We arrange two full programmes of events, covering about six months each and running from April to October/November, and then again through to March/April. The listing below covers October 2019 to March 2020, and is also available in pdf form.
The majority of our talks take place in the Small Hall at East Croydon United Reformed Church (ECURC), Addiscombe Grove, Croydon CR0 5LP starting at 19:45 – where this is not the case, the event listing will confirm the alternative venue, so do check. East Croydon United Reformed Church is convenient for East Croydon station, Tramlink and many buses, and there is some parking available on site although limited due to building work.
If you are not a member, you are still very welcome to attend. There is no entrance fee for our talks, but we do invite non-members to consider a small donation of £2.
Monday 7th – TALK – “The Isle of Wight: its wildlife and countryside”. Malcolm Jennings will talk about the often rare and beautiful flora and fauna of the Isle of Wight, its spectacular marine landscape, and also some of the historic sites on the Island.
Wednesday 16th – ENTOMOLOGY SECTION MEETING. Beginners Room, ECURC.
Sunday 27th – ECOLOGY WALK – “Autumn Fruits and Fungi in Littleheath Woods”. Meet at 10:00 at the bottom of the steps at the end of Queenhill Road TQ349627. Led by Jane McLauchlin and Malcolm Jennings.
Monday 28th – TALK – “The Nostradamus of South Norwood”, by Stephen Oxford. The predictions of Nostradamus are open to interpretation and much criticism, whilst those of a past South Norwood resident are far clearer and more accurate.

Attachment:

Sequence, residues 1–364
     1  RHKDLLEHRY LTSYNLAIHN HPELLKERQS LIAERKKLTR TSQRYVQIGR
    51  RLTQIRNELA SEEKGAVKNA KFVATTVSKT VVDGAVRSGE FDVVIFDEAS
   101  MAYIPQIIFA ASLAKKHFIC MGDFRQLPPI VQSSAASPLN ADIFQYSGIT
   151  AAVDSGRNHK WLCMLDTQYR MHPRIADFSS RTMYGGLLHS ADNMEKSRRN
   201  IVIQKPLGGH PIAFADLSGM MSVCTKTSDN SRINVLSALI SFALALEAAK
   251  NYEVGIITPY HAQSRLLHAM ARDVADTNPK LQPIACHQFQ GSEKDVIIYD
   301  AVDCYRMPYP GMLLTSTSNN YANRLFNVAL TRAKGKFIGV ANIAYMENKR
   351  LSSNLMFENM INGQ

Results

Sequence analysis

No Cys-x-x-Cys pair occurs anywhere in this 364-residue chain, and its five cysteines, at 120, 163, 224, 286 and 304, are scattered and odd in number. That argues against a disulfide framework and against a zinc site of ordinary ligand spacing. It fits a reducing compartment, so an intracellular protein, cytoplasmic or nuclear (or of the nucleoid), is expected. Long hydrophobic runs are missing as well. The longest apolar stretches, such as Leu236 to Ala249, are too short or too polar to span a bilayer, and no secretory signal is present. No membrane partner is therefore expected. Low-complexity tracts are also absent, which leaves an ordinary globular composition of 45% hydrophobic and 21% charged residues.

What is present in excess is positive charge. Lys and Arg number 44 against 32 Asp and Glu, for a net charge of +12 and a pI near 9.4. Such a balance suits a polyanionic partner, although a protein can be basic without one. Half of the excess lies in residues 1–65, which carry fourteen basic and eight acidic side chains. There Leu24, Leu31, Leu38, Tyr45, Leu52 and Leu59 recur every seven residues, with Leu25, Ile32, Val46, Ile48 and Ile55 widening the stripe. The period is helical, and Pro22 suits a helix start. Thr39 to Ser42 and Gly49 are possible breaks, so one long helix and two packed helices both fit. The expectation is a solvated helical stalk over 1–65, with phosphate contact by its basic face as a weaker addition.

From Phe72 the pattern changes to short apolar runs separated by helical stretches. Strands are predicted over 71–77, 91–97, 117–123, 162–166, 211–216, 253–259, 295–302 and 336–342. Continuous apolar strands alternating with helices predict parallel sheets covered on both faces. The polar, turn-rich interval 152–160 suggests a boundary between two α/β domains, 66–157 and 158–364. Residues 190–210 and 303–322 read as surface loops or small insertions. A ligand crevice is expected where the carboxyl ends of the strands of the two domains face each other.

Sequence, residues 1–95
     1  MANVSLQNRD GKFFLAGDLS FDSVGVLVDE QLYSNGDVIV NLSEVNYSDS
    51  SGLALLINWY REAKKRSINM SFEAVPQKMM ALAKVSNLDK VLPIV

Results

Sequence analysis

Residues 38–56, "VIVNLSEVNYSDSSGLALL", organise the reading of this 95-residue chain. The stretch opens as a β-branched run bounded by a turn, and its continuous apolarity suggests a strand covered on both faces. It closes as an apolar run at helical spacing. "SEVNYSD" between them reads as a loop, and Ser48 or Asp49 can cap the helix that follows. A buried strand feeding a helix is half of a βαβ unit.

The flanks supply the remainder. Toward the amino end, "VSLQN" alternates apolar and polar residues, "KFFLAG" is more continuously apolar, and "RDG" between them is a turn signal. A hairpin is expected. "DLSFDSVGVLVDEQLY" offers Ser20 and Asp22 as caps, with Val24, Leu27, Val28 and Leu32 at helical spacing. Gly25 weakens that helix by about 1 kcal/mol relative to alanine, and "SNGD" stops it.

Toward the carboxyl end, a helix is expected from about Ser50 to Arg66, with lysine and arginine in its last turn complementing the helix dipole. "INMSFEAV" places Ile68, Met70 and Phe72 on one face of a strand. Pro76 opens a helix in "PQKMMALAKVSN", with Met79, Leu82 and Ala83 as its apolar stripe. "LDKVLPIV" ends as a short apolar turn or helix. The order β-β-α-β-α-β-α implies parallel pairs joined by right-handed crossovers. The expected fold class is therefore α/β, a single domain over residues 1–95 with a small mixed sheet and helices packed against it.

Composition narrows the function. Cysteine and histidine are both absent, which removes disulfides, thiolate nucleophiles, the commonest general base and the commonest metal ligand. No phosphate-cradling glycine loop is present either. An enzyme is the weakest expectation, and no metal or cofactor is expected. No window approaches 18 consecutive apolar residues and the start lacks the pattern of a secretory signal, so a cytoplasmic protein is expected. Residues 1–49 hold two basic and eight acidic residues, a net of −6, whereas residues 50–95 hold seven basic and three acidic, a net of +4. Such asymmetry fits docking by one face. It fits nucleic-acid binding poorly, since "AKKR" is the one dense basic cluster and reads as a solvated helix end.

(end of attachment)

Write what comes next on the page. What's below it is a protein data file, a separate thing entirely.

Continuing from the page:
Wednesday 13th – TALK – “All About Badgers”. This talk by Ian Tilbury will cover the natural history of badgers, field signs to look for, their protection and persecution, badgers and people, planning issues, rescue and rehabilitation, with particular reference to the work that East Surrey Badger Protection Society does in releasing orphaned cubs back into the wild.
Wednesday 20th – ENTOMOLOGY SECTION MEETING. Beginners Room, ECURC.
Monday 25th – TALK – “Vesta Tilley and Her World”, by Keith Fawkes and Richard Norman. Vesta Tilley was one of the highest paid performers of the Music Hall era and making her reputation as a male impersonator. Her recorded songs and film clips will be used to illustrate her career.
Saturday 30th – FOCUS – “Trees and Woods”. There will be talks by Aljos Farjon on Ancient Oaks in the English landscape and Sam Bentley-Toon on the Great North Wood Project. As usual tea will be provided, and there will be a chance to pay subscriptions for 2020. At the David Sweet Hall ECURC starting at 14.30.
Sunday 1st – ECOLOGY AND HISTORY WALK – “The Great North Wood”. Following the Focus meeting on 30 November, a walk through some fragments of the Great North Wood, from Crystal Palace to the Horniman Museum, where there is a café. Meet at 10:00 at the junction of Farquhar Road and Crystal Palace Parade. Led by Jane McLauchlin and Celia Bailey.
Monday 2nd – TALK – “The Biology of Christmas”. A seasonal illustrated talk by Jane McLauchlin.